June 25, 2014 at 6:09 pm

State sells $185M in bonds for new Detroit streetlights

Clint Williamson, 49, a lineman for the Energy Group a subcontractor for the City of Detroit, installednew street lights on Jefferson near Belle Isle. (Clarence Tabb Jr / The Detroit News)

The state successfully sold $185 million in new bonds Wednesday to help pay for 55,000 new streetlights in Detroit.

The 30-year bonds carry an overall interest rate of 4.53 percent, according to a statement from the Department of the Treasury. The bonds were rated as investment grade by the major credit agencies, ranging from “A-minus” from Standard and Poor’s and “BBB-plus” from Fitch.

The interest rate — which is just slightly more than the current average rate on a 30-year home mortgage — is a good one for the cash-strapped city, noted Matt Fabian, managing director of Municipal Market Advisors, an independent bond research firm.

“In this market all the rates are too low,” Fabian said. “The municipal bond market is extremely anxious to lend money, and there are about 10 lenders for every borrower.” He added that the assurances in the bonds insulated them from being challenged or discounted in bankruptcy. “It’s a reasonable risk for investors.”

Detroit hasn’t had a debt rating that high on its bonds in 15-years, according to Bloomberg News. The improved rating is partly because the bonds were issued by the Michigan Finance Authority to benefit the Public Lighting Authority of Detroit, an independent body created by the state to improve the city’s woeful public lighting. The authority is authorized to issue bonds to finance capital costs for system upgrades and earmark $12.5 million per year from the city’s utility user tax to finance the bonds.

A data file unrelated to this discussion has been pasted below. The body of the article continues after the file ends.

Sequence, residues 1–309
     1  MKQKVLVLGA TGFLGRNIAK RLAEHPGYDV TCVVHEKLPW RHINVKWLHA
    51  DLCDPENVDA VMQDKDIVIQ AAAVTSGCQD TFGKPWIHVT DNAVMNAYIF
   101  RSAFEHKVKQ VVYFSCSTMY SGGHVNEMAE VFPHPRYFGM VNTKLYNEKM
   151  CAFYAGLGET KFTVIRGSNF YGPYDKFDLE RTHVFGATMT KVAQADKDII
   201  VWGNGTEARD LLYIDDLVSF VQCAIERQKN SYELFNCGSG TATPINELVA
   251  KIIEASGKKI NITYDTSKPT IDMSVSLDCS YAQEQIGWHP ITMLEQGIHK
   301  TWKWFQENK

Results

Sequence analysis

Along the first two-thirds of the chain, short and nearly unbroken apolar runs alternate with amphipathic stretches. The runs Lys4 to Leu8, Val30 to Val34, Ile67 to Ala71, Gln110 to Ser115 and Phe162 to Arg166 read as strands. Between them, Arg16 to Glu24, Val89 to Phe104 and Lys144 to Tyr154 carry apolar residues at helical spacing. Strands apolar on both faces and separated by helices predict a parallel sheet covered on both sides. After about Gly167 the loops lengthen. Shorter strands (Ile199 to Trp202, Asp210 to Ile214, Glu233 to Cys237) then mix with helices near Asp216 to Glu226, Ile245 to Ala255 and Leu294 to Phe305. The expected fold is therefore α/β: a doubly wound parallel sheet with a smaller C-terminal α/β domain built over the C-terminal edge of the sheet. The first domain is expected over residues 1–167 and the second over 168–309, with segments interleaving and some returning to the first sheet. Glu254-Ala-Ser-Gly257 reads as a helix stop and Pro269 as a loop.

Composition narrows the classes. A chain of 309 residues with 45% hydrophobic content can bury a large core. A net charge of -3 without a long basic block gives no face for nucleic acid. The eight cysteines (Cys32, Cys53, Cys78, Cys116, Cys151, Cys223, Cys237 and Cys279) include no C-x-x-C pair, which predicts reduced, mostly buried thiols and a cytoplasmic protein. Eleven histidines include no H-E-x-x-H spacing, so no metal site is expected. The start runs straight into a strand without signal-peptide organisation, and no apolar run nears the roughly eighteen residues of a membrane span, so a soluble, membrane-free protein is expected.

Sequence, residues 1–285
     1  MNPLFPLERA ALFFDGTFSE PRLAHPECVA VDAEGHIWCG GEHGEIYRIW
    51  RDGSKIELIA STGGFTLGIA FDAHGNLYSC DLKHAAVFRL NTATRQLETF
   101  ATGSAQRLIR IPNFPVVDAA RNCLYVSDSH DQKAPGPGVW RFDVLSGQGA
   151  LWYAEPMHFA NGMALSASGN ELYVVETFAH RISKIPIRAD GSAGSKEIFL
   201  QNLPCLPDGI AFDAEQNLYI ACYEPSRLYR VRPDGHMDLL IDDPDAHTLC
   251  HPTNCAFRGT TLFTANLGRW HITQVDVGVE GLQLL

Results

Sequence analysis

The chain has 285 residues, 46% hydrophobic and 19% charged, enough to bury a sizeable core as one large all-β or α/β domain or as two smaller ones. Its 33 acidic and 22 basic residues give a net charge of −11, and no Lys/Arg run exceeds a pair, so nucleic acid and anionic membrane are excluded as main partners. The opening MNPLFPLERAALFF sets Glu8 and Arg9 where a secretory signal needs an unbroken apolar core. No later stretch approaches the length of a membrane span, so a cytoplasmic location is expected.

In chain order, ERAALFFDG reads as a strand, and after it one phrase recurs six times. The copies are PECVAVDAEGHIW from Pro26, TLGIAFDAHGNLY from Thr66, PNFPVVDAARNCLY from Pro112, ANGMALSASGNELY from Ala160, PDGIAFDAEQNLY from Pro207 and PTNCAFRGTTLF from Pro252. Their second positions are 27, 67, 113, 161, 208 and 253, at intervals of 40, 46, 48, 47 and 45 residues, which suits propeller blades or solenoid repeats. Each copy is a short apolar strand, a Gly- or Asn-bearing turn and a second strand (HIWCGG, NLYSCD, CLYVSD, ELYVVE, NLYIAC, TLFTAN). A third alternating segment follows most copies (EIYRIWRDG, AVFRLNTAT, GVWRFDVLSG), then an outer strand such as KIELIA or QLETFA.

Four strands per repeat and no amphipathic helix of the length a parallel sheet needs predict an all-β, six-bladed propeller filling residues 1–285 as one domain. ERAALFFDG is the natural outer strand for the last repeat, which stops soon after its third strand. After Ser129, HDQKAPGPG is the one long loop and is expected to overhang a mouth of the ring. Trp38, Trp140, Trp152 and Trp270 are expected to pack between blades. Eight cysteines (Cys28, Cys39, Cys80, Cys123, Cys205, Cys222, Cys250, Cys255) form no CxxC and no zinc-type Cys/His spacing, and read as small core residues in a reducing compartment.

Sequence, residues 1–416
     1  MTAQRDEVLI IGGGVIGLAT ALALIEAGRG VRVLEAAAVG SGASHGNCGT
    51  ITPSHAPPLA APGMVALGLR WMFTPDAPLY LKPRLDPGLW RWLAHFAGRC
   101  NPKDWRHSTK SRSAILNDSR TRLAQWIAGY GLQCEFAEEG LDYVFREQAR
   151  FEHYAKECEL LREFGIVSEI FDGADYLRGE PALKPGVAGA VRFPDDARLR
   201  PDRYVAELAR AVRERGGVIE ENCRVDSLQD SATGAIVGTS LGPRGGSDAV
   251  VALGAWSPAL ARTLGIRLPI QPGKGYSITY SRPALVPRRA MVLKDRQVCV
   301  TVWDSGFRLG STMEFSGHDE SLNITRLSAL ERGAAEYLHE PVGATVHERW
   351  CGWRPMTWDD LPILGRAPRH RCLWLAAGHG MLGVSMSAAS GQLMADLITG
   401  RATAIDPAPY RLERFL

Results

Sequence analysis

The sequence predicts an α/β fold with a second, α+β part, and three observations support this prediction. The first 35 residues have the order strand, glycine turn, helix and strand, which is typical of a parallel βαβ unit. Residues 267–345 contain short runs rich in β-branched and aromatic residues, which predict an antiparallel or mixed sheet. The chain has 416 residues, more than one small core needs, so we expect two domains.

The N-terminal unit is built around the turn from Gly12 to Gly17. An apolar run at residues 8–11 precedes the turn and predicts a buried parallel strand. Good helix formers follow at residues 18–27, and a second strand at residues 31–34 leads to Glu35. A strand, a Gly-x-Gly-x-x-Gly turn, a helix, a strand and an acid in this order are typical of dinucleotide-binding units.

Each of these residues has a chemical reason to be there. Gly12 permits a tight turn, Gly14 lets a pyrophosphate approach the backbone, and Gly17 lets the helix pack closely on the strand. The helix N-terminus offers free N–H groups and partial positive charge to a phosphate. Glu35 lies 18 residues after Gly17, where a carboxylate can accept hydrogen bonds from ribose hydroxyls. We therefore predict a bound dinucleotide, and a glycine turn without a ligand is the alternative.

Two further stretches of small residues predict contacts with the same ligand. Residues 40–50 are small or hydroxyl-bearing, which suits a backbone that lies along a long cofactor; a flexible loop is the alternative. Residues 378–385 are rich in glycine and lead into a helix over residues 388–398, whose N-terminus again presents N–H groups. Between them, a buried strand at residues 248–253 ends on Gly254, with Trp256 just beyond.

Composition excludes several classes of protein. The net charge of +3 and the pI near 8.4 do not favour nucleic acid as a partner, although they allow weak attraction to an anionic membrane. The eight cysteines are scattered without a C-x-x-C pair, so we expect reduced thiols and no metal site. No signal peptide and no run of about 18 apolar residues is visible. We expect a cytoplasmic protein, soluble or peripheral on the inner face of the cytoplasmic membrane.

The bonds will be repaid from utility taxes that will go directly to a trustee and not to the city, Bloomberg noted.

The city is slated to exit the electricity business by migrating customers to DTE over a seven-year period beginning in fiscal year 2015.

The bond sales comes as the city is still wrangling with bond investors and municipal bond insurers in its landmark city bankruptcy. The city has cut the payout on some bonds to 74 percent of their value, and is looking to completely invalidate more than $1 billion in notes tied to casino tax revenue. Bond insurers who will have to pay the shortfall have complained that the city is bargaining in bad faith, favoring its retired workers over creditors, and refusing to sell assets that could be used to pay off bondholders, including the holdings of the Detroit Institute of Arts.

The state-created authority is authorized to issue bonds to finance capital costs for system upgrades and earmark $12.5 million per year from the city’s utility user tax to finance the bonds.

The city is slated to exit the electricity business by migrating customers to DTE over a seven-year period beginning in fiscal year 2015.

The bonds sold Wednesday will pay for 55,000 new street lights, and also refinance $60 million in interim financing that allowed for the construction of 9,000 street lights.

“Every week we are adding 500 state of the art, LED lights throughout the city,” Odis Jones, chief executive officer of the authority, said in a statement. “The new system will be far more reliable and energy efficient than what was here before.”

boconnor@detroitnews.com